Former Florida Gov. Jeb Bush, often mentioned as a frontrunner for the Republican presidential nomination in 2016, has offered multiple positions on comprehensive immigration reform during the last year.
During the 2012 election campaign, Bush said he supported a pathway to citizenship for the nation's 11 million illegal immigrants.
But this year, in a new book written with attorney Clint Bolick, Immigration Wars: Forging an American Solution, Bush contradicts himself by opposing the idea of U.S. citizenship for undocumented residents.
"Permanent residency in this context, however, should not lead to citizenship," Bush said in the book. "It is absolutely vital to the integrity of our immigration system that actions have consequences -- in this case, that those who have violated the laws can remain but cannot obtain the cherished fruits of citizenship.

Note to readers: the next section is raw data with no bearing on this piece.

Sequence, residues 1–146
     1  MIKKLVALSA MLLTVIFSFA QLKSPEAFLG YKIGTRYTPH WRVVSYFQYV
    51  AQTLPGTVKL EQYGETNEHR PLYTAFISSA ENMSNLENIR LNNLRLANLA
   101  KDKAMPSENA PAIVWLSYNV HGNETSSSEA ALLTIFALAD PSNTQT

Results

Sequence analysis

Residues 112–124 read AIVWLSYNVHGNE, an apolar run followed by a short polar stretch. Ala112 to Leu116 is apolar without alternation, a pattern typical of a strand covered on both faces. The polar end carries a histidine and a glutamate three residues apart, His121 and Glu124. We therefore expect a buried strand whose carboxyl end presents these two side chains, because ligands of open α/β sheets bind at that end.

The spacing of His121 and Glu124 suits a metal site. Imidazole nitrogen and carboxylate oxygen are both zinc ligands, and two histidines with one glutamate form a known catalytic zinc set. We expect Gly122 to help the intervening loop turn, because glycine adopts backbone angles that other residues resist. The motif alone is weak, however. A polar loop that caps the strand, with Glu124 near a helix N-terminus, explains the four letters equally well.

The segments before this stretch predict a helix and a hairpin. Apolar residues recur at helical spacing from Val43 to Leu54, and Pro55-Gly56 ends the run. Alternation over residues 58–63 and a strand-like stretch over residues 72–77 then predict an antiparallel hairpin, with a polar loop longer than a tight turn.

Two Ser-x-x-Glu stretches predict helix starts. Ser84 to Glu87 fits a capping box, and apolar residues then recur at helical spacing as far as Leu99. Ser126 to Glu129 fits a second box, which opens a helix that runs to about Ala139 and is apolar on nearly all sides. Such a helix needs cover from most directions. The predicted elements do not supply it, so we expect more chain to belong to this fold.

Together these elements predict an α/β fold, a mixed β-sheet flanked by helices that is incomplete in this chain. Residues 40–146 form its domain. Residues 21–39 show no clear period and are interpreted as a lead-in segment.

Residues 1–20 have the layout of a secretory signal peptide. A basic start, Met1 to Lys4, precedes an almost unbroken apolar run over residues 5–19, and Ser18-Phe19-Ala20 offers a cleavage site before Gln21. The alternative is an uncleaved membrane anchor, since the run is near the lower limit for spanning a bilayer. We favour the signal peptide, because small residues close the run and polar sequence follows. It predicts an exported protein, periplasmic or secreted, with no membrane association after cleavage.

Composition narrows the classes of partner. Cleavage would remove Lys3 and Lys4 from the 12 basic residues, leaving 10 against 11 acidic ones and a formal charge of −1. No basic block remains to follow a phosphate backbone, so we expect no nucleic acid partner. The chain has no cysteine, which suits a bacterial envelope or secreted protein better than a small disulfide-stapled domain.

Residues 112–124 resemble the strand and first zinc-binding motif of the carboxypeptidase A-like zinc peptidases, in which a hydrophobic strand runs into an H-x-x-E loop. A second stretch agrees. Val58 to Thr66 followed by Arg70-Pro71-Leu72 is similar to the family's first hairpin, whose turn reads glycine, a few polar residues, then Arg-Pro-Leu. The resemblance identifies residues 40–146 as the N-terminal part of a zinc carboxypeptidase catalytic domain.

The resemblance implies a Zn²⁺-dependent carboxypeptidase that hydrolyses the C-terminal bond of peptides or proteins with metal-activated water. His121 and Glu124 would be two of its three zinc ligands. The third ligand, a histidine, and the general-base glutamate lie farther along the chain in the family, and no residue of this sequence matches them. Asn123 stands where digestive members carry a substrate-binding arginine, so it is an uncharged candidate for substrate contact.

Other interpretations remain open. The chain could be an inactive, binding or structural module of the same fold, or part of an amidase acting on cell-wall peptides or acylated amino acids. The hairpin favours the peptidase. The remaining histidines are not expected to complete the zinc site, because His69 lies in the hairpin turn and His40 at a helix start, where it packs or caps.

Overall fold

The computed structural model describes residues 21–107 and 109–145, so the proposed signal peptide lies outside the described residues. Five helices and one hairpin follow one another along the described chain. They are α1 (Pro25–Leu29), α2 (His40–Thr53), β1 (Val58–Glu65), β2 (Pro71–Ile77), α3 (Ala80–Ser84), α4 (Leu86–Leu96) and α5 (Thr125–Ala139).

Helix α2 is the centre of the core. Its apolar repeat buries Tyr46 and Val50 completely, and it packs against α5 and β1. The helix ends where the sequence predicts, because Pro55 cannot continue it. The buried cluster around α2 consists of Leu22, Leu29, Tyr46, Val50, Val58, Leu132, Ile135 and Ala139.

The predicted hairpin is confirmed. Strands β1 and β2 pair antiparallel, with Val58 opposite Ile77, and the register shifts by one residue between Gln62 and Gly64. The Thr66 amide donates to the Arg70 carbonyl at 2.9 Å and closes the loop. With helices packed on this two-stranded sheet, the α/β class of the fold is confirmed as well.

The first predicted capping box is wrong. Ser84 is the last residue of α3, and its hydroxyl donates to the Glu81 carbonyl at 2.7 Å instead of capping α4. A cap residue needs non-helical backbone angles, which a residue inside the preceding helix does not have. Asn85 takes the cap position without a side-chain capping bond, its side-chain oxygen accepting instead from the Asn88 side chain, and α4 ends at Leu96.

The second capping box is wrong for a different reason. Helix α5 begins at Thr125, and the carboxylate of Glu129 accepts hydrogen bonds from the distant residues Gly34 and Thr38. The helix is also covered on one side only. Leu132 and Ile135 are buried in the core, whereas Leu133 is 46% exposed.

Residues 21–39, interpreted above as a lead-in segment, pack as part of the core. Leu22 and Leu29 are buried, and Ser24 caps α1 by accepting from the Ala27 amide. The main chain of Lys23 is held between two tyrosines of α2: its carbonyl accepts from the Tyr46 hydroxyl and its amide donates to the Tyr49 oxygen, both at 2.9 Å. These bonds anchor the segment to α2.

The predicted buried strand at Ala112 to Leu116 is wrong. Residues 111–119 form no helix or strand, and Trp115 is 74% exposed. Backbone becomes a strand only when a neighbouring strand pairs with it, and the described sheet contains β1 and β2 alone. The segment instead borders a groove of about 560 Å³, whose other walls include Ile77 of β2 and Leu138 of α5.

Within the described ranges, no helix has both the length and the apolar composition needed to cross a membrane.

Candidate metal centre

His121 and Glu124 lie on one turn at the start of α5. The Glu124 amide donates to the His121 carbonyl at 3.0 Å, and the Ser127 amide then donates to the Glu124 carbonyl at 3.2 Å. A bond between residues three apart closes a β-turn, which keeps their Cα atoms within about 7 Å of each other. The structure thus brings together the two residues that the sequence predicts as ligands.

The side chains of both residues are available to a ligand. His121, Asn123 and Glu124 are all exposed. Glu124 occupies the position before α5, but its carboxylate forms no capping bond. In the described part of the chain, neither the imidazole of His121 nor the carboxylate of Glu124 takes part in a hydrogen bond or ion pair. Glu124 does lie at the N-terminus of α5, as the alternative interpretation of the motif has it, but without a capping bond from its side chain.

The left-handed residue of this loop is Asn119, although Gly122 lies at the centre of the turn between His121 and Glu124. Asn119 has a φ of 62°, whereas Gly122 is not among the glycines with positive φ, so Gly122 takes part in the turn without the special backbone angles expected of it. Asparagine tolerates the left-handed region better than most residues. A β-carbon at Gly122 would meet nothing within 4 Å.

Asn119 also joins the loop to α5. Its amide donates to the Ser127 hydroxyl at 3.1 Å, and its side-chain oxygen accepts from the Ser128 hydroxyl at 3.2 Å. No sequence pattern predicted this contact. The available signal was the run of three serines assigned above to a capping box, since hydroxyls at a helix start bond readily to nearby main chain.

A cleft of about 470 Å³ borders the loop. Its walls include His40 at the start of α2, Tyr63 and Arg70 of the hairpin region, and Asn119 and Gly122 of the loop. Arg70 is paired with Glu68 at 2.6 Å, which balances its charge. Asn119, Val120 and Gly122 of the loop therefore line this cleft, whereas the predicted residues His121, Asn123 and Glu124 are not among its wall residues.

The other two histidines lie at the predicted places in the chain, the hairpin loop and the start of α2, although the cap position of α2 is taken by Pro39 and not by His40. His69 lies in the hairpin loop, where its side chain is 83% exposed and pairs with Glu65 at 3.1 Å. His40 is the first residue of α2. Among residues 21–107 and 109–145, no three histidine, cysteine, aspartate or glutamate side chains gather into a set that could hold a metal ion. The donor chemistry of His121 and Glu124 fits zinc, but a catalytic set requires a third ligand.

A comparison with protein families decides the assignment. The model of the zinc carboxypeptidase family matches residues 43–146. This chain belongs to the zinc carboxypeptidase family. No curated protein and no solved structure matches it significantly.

"To do otherwise would signal once again that people who circumvent the system can still obtain the full benefits of American citizenship."
Bush has tried to explain the reversal by saying he is flexible on the issue and trying to stimulate a constructive dialogue on immigration among conservatives. But frankly, who knows what he really thinks?
He makes a cliched appeal for fairness in the book that adds next to nothing to that constructive dialogue he hopes to promote:
"We need to address this problem in a fair, firm, and comprehensive way, while at the same time fixing our immigration process so that in the future, millions of people do not feel the need to enter our country illegally because there are no viable means for them to do so lawfully," Bush wrote.